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Comment Re:This is absurd (Score 1) 272

> If you work at a large enough company, you can't just take the company credit card to shop with whenever the whim strikes you. Otherwise the IT staff would end up with their own company Lamborghini.

That's pretty easy to avoid. Just have a purchasing limit for the employee. It's nice and simple and easily avoids the "lamborghini problem.

Comment Re:There are good reasons for gvt bureaucracy, rem (Score 0, Troll) 272

No. Socialism subverts the free market. It substitutes "fair" with "equal" and destroys the usual incentives that encourage people to excel. It's very much like communism in this respect. It errs to far on the other side and tends to sabotage anything that's not the status quo.

Comment Re: Ignorance? (Score 1) 233

Stop sounding like trailer trash.

Science is a method and a philosophy. It's not a set of facts put down in a book to be worshiped like an idol. Teaching those ideas would be far more useful then forcing to regurgitate a bunch of facts.

That way when they see Tyson put "science and truth" in a sentence together they can know how full of shit Tyson is.

Comment Re:Ignorance? (Score 1) 233

No. The problem is what do you call a person. At what point does a blob become a person? What's that defining moment.

Theocratic busybodies are no good at answering that question. They probably would not like the answer.

Plus you have other fun issues to deal with that the "morally superior" types like to ignore.

Comment Re: Lovely summary. (Score 1) 1024

> "Trump will make a terrible president because he wears a bad toupee."
>
> Ad Hominem. But doesn't make me wrong. Trump would be a horrible PotUS, just not because of the hair piece.

Your argument is still unproven and thus something that no one should take seriously. The requirement to "prove it" still remains.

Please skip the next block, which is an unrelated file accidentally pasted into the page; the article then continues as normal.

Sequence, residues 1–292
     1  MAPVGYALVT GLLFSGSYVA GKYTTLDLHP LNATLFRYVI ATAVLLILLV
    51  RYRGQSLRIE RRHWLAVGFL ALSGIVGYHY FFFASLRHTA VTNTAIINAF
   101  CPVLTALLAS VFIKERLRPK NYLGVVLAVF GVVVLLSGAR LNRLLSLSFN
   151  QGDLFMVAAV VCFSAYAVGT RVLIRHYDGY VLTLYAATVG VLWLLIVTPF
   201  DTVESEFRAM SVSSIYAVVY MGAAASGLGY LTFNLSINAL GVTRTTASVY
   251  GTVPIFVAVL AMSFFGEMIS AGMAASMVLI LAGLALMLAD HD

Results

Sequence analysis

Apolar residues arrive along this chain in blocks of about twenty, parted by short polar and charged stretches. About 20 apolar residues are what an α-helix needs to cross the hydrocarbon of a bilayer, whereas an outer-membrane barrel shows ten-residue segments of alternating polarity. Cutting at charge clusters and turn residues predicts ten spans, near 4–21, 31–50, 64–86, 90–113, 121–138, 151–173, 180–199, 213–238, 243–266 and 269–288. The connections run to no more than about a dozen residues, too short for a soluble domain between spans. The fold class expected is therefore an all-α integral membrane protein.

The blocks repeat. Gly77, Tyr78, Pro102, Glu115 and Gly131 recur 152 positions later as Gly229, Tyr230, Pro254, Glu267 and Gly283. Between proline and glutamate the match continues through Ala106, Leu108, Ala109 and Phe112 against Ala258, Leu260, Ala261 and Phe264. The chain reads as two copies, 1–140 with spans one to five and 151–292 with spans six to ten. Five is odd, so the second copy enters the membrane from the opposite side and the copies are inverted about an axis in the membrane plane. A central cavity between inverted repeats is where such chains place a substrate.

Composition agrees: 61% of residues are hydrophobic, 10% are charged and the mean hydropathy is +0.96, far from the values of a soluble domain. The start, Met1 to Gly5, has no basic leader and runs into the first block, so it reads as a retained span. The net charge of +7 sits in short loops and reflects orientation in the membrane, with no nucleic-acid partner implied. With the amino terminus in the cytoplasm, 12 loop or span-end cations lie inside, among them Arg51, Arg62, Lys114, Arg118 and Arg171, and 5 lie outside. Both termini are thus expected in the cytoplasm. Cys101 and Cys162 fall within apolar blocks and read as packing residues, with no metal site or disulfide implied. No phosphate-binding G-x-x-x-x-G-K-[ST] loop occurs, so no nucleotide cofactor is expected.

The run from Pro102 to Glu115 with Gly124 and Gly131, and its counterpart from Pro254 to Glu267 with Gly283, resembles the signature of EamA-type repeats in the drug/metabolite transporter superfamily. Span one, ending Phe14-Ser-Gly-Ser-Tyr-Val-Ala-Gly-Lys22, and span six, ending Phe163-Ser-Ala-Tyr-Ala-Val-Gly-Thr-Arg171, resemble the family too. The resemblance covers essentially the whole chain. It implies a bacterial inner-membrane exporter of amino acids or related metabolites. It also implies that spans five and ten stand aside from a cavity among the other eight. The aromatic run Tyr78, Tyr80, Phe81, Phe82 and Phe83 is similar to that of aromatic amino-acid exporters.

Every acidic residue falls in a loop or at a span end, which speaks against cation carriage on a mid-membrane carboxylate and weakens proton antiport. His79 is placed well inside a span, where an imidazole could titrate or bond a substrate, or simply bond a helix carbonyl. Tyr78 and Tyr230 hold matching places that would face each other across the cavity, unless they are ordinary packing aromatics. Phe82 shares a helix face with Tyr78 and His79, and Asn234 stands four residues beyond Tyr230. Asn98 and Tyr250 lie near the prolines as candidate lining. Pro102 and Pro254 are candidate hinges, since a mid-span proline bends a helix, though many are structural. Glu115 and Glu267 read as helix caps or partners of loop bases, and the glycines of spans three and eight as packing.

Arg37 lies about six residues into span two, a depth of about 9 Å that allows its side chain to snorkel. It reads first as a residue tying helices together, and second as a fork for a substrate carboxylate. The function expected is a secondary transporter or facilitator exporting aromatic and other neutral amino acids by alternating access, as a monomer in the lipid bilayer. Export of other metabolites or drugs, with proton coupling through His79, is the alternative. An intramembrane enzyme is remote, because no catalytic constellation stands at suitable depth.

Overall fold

That's the whole problem from the "bad arguments don't matter" camp.

Comment Re:what is with this regular propaganda on slashdo (Score 1) 183

It still helps to understand how the car functions, even if you don't intend to fix it yourself. Otherwise, it's easy to destroy your rather expensive asset or cause it to be a threat to self and others.

The same goes for computers.

On the other hand, the powers that be don't want informed consumers either.

Comment Re:The Indians place a high value on Education (Score 3, Informative) 183

> As for the Pakistanis, the Bangladeshis, the Afghans, the Indonesians and the Malays, their utmost priority is Islam, their religion

That's odd. I've known a number of Desis and Pakastanis in IT.

I even known a couple of genuine hadjis. It didn't seem to interfere with the job.

Apparently in Pakistan engineers and doctors have high prestige and IT gets lumped in with engineers.

Comment Re:Asian the most represented? (Score 2) 183

Across the board, academic success is linked to the parents. Even in "poor" households, the parents are the driving force. You simply cannot fully outsource education. The parents have to care, or the kids likely will not.

All of the whining about social justice won't change prevailing cultural values within the populations you are trying to "liberate". Special programs and throwing money the problem won't either.

Comment Re:I don't think K-12 CS is a good idea anyway (Score 1) 183

We've had similar problems outside of California.

Math education is uniformly abominable in the US and always has been. It was that way when I was a kid. Teachers don't care. If they do the rest of the machine will override them and grind them down.

A ghetto kid could make a miraculous turnaround do to the effort of some European college do-gooder and be slapped back down by his own kind. The brothers don't really need the help of the man. They can keep each other down all on their own.

There is no real interest in the US populace having a clue. It would destroy the consumer culture if people were numerate. Perpetrating a fear of math suits the ruling class.

"Ignorance is the soil in which belief in miracles grows." -- Robert G. Ingersoll

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